San Diego State Researchers Advance 3D Earthquake Simulation

By Staff

January 24, 2018

Working with data from the Lander earthquake that shook Southern California in 1992, a team of researchers from San Diego State University has advanced earthquake simulation capability by improving a widely-used wavefield simulation code and adapting it for improved 3D modeling and for use on high-end HPC systems. Their research delivered new insight into strike-slip earthquakes such as the Lander earthquake which was magnitude 7.3 and leveled homes, sparked fires, cracked roads and caused one death.

The code used by the team is their updated version of anelastic wave propagation (AWP-ODC) – the ODC standing for developers Kim Olsen and Steven Day at San Diego State University (SDSU) and Yifeng Cui at the San Diego Supercomputer Center. Daniel Roten, a computational research seismologist at SDSU, led the studies.

The research showed how one earthquake can deliver building-collapsing shakes to some areas but not to others, and the Landers simulation helps solve a long-standing puzzle (more below) of earthquake science. The work was supported by a Department of Energy Innovative and Novel Computational Impact on Theory and Experiment (INCITE) award and by the Southern California Earthquake Center (SCEC). A full account of the work is posted on the DoE Office of Science web site.

Many earthquake simulations use either linear models of forces in three dimensions or nonlinear models of forces in one or two dimensions. These demand less computer time and memory than three-dimensional nonlinear models but they do not capture true relationships between the forces and their effects. For example, linear models typically predict more violent shaking than actually occurs, producing inaccurate risk and hazard assessments.

Key to the team’s success was its ability to model nonlinear phenomena in three dimensions using a code that can be scaled up to run well on large HPC systems, namely the Blue Waters machine at the University of Illinois at Urbana-Champaign and Titan at the Oak Ridge Leadership Computing Facility (OLCF), a DOE Office of Science user facility. The team also used two additional OLCF systems to process data and to store results and input data files.

Snapshots from linear (left) and nonlinear (right) simulations showing wave propagation during a magnitude 7.7 earthquake rupturing the San Andreas fault from southeast to northwest. Depicted here: intensity of shaking (red-blue) and permanent ground deformation (green, nonlinear only). The jagged lines at center represents a seismogram reading near San Bernardino. Plastic deformation reduces the intensity of shaking in the San Bernardino valley; the nonlinear simulation allows a more accurate ground-motion prediction than the linear.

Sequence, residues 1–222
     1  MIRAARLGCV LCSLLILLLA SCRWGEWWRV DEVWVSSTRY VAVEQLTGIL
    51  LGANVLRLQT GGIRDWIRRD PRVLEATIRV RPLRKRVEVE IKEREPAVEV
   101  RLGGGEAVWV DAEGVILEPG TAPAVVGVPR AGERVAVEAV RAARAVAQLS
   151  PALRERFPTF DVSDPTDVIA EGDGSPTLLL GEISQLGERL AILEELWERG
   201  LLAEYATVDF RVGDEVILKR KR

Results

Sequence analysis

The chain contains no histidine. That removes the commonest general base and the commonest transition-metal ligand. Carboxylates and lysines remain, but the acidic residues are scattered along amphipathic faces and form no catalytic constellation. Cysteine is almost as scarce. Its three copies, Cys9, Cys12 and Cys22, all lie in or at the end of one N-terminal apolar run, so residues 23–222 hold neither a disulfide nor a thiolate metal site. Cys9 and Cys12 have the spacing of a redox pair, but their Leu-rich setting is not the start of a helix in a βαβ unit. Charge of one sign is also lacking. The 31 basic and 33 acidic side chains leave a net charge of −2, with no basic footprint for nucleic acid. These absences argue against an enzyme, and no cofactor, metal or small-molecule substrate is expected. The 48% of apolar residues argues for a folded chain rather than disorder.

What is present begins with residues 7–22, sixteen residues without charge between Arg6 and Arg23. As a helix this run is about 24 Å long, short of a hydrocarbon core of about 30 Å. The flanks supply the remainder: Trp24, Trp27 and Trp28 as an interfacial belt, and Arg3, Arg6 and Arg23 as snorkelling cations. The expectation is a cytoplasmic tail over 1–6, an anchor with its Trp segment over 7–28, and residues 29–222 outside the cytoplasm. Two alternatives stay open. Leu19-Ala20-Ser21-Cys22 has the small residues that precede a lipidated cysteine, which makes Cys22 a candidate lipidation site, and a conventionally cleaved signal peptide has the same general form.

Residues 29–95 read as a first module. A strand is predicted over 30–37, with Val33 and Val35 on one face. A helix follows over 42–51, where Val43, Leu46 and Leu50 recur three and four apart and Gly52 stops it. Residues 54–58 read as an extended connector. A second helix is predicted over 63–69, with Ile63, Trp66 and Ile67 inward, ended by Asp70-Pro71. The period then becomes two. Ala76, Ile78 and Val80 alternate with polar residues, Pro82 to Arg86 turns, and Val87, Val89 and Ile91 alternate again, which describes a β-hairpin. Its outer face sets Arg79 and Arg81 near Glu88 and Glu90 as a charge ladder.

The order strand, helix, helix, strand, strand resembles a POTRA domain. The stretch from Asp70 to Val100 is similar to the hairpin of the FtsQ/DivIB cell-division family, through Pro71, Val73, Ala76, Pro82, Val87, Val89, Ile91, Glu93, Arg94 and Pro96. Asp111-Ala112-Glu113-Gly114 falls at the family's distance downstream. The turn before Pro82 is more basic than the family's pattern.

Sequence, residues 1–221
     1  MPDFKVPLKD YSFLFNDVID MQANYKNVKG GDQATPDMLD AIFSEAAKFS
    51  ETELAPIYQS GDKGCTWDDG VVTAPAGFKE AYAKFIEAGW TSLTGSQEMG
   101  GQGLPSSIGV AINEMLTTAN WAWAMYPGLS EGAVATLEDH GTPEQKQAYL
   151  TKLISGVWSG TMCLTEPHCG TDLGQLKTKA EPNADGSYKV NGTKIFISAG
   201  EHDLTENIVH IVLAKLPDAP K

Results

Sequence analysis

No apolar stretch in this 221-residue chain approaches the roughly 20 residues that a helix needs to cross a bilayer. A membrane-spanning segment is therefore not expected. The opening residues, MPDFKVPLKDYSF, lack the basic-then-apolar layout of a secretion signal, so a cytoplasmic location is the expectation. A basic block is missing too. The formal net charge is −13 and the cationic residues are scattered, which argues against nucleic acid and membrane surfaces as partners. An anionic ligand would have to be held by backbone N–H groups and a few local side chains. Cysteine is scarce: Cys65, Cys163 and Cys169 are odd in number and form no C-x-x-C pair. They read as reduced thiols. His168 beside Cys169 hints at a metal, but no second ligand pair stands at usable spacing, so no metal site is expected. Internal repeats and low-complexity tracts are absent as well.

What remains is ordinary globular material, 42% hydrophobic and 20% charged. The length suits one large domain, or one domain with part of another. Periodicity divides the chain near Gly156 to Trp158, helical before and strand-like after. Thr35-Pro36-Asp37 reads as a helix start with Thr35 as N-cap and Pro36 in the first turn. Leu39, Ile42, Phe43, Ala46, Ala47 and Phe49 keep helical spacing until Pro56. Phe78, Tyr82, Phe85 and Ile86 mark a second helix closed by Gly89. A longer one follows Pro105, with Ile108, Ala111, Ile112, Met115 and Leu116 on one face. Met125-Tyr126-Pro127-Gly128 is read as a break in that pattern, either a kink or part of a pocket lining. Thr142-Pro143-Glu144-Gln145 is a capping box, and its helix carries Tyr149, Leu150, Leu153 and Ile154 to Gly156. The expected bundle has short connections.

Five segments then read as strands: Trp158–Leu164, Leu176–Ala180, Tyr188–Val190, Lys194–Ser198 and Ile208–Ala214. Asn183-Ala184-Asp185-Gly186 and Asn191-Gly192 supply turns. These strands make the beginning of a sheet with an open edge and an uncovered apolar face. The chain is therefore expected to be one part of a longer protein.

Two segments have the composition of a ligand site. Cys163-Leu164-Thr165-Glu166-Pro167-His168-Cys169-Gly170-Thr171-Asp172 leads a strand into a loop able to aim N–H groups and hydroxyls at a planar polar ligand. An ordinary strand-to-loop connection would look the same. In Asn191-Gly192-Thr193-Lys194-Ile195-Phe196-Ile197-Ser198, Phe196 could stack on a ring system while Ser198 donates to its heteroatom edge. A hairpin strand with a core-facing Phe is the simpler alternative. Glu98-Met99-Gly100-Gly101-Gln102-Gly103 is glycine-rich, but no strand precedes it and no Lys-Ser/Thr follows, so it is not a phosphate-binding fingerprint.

The researchers plan to continue to develop the code for faster HPC systems. Roten says they developed the nonlinear method for CPU systems, which use standard central processing units, before they ported the implementation to the GPU version of the code, one employing graphics processing units to accelerate calculations. The code runs about four times faster on a GPU system than on CPUs, he adds. The team optimized the code to run even faster and to reduce the amount of memory it required, since GPUs have less memory available than CPUs.

“Parallel file systems and parallel I/O (input/output) are also important for these simulations, as we are dealing with a lot of input and output data,” Roten says. “Our input source file alone had a size of 52 terabytes.”

The GPU version does not presently handle all of the features needed. For now, the code takes advantage of Blue Waters’ mix of CPU and faster GPU nodes while the team develops the code to work exclusively on Titan’s GPU nodes. “Titan would have enough GPUs to further scale up the problem, which is what we plan to do,” Roten says.

The long-standing puzzle the Landers quake simulation addressed pertained to strike-slip earthquakes, in which rocks deep underground slide past each other, or slip, causing surface rock and soils to shift with them. Slips can cause dramatic surface changes, such as broken roads that are shifted so the lanes no longer line up.

But after studying the Landers earthquake and other strike-slip quakes with magnitudes higher than 7, scientists realized these observations were not as straightforward as they seemed. “Geologists and geophysicists were surprised to see that the slip at depth, inferred from satellite observations, is larger than slip observed at the surface, from shifts measured by geologists in the field,” Roten says.

Source: DoE
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